With “Dick,” Fenton sees the well-known actress Madame Ristori perform in Francesca da Rimini, producing a sketch of Ristori “before the curtain” receiving bouquets (33). At the theatre, she awkwardly runs into “Mayhew” whom she reveals as Rev’d Mr Hunt, a gentleman she traveled with in 1853 (other awkward encounters occur in the 1854 volumes). She also bumps into a woman she can’t recognize and, revealing her intended readership, announces: “She was a lady we knew through you, dear Mrs Ibotson, just before we left Notting Hill” (34).

The Venebles warn Fenton of an epidemic spreading around Boulogne. When “Tinny” (Frederick) comes down with throat and chest pain, Fenton worries it is the “scourge” (75). She seeks out a homeopathic chemist, administers her own “globules” and consults the Venebles’ homeopathic reference book. These bouts of illness do not prevent Fenton from venturing out, however, when she is compelled to witness prizes handed out at the College Communale, which she describes with great relish. She is drawn to other award ceremonies, such as the Abbé Haffringue’s, which feeds her desire for spectacle. Fred’s illness makes the Fentons discuss leaving Boulogne, but the little boy soon rallies.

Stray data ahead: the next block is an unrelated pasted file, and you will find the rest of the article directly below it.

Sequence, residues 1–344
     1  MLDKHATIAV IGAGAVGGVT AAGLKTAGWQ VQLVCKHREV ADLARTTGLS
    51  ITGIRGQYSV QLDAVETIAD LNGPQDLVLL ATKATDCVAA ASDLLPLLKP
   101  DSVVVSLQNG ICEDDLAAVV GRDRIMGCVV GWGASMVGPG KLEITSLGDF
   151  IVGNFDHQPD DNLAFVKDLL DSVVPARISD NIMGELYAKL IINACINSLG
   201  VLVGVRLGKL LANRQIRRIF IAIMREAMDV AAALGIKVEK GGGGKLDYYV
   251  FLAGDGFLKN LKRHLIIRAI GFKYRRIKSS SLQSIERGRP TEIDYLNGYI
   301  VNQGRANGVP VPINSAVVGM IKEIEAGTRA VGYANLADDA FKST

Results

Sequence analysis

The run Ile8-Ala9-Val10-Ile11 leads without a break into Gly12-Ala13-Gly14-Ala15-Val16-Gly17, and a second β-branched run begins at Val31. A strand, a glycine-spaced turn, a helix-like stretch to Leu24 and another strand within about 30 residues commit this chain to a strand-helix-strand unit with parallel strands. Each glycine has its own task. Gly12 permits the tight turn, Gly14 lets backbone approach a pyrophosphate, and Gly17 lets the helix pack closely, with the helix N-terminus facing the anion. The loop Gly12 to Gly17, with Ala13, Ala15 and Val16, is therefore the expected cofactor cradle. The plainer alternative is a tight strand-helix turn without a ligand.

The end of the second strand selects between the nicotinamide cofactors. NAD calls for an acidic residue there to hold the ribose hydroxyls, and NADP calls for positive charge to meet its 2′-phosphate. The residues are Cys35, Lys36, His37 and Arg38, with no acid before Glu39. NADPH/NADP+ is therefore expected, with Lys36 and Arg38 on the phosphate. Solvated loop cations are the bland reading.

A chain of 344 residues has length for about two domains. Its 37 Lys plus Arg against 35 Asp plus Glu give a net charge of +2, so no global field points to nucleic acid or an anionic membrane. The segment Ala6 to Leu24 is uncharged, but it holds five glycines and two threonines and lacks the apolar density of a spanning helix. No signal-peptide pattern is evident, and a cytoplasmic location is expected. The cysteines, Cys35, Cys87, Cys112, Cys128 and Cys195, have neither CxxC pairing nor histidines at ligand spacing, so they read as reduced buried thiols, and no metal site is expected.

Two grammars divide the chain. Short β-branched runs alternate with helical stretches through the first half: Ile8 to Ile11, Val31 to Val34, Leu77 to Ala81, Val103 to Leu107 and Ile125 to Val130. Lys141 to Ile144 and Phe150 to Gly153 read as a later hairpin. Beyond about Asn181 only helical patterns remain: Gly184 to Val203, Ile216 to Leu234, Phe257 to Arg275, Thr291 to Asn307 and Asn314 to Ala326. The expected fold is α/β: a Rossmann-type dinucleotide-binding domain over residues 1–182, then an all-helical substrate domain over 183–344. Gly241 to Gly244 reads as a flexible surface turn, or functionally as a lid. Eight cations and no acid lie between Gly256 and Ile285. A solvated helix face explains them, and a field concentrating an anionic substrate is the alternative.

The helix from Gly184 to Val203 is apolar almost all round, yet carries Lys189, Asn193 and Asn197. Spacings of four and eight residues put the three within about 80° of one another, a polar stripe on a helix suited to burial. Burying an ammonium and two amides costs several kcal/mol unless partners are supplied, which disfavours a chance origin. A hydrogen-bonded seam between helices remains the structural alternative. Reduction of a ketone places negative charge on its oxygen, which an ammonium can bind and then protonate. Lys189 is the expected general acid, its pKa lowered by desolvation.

The family watches the many processions and festivals of the season, including the celebration of Napoleon’s birthday, coinciding with the festival of the Virgin, which Fenton speculates is “perhaps to satisfy those who would not assist to keep Napoleon’s fête” (56). Fenton includes the order of procession, translated and hand-written from the French program with annotations. (The original French program is also included at the end of the volume). Fenton stands on a balcony watching the great “uproar” amidst a group of artillery men. She contrasts the loud assembly to the “calm dignity in our churches” (59). Fenton goes to great lengths to describe the costumes of the crowd, the groups of young ladies whom she calls “Houris”, the rows of nuns, and the “English converts,” or “perverts.”


  • 1856 August 2-August 20


Language of Materials

From the Collection: The diaries are in English, with some French.

Physical Description

1 volume (122 pages); 25 pages of watercolor drawings; 1 program

; c. 32.5 x 20.5 cm.

Conditions Governing Access

From the Collection: The materials are open for research.

Part of the Yale Center for British Art, Rare Books and Manuscripts Repository